Blind Usage Dos and Don’ts

During the past 20 years, since the first Double Bull blinds came out, any questions about whether pop-up blinds work for turkey hunting have been answered.

I like to use blinds in many situations, including filming, bowhunting, guiding children, guiding multiple hunters or when I plan to hunt a spot for a long time. I’ll use them while hunting open areas, in spots that lack sufficient cover or when I might encounter multiple birds. I guide several hunters for Osceolas each spring, and most of those birds are taken from Double Bull blinds. Comfort, safety and the ability to sit for long durations are important, but ensuring turkeys have no clue after the shot about what happened also ranks high.

I really enjoy blind hunting with young or novice hunters. It makes the experience much more enjoyable for newbies, letting them ask questions, move around, look through the binoculars, practice with the weapon, or even sleep, read, play cards and use a mobile device. I want to make sure those youngsters want to hunt again, and blinds help make that possible.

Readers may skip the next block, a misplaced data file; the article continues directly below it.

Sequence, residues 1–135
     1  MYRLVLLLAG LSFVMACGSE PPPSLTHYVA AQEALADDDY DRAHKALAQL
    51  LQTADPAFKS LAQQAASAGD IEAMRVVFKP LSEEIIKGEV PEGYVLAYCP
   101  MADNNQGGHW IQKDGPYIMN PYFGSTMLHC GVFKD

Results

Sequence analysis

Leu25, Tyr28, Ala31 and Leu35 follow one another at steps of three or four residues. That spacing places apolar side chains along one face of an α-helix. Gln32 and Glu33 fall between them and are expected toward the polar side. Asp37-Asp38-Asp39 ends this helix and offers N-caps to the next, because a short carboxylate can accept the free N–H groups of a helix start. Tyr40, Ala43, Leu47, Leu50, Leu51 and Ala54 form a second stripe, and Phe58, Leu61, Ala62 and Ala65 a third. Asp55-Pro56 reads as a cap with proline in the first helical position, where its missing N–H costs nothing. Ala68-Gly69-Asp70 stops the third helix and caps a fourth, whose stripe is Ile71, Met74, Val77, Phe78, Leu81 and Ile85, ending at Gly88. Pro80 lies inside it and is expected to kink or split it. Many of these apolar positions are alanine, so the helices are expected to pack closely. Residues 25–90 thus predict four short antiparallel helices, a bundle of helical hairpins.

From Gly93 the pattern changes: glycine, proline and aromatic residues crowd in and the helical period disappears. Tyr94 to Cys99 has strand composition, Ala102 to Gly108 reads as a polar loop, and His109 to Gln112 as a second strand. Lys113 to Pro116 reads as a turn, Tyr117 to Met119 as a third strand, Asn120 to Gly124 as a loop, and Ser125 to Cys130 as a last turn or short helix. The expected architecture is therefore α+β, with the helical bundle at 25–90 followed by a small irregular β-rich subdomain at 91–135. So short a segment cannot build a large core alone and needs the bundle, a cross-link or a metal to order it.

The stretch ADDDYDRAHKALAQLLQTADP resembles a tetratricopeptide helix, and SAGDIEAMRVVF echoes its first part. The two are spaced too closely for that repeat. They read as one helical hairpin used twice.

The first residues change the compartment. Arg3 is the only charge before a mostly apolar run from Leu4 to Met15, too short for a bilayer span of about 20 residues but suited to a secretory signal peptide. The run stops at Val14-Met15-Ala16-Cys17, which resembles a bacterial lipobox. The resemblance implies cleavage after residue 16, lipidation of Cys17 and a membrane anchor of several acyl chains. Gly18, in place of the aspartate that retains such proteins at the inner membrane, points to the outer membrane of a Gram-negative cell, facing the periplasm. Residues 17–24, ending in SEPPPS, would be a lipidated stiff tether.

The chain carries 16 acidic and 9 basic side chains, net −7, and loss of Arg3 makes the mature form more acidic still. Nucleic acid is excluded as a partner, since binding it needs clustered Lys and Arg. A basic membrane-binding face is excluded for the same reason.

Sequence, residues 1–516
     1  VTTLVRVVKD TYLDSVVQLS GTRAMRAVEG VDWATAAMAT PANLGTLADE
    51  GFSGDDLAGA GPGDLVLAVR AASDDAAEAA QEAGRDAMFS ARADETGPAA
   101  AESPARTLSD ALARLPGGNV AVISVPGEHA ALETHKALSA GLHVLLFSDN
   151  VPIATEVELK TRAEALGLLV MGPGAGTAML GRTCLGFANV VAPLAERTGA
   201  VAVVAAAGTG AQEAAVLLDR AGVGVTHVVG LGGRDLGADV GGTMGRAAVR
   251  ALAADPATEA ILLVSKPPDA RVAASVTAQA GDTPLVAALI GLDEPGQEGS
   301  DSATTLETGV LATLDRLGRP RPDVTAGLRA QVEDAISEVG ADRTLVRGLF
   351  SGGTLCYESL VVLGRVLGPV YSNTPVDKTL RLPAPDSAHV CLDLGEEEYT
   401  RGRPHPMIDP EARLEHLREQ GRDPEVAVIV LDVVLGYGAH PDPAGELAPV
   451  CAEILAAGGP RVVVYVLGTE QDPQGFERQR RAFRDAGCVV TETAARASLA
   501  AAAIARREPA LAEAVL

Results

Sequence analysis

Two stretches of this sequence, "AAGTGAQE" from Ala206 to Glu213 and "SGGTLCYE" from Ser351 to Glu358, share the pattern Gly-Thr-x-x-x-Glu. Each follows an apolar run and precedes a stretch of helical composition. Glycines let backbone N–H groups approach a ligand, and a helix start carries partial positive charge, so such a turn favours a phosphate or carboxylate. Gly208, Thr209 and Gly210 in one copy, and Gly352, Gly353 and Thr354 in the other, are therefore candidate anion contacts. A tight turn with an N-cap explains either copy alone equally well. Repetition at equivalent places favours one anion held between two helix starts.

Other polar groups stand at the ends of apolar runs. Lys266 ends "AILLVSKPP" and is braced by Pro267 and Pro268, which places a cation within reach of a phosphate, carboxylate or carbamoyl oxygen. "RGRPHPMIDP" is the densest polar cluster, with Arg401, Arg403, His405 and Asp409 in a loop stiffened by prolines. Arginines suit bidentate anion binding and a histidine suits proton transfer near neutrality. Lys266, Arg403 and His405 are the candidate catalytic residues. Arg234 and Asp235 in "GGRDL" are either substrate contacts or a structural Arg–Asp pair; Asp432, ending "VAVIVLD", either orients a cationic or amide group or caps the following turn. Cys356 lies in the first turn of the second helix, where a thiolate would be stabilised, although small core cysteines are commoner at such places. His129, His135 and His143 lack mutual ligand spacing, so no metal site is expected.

Hunting from blinds is easy. Brush them in when you can. However, I’ve successfully hunted from a blind on a golf course with no cover. I try to put them up a week or so in advance, but I carry one constantly during spring and will pop it up and hunt from it on a whim. I try to set up in the shade, covered and positioned so I can shoot a gobbler when he first sees the blind. However, I’ve had them strut in from hundreds of yards away with a full view of the blind.

I use Double Bull blinds constantly during spring and fall in all situations, but I never jump out of the blind until all birds are out of sight. There’s no sense in educating turkeys about what a blind is.

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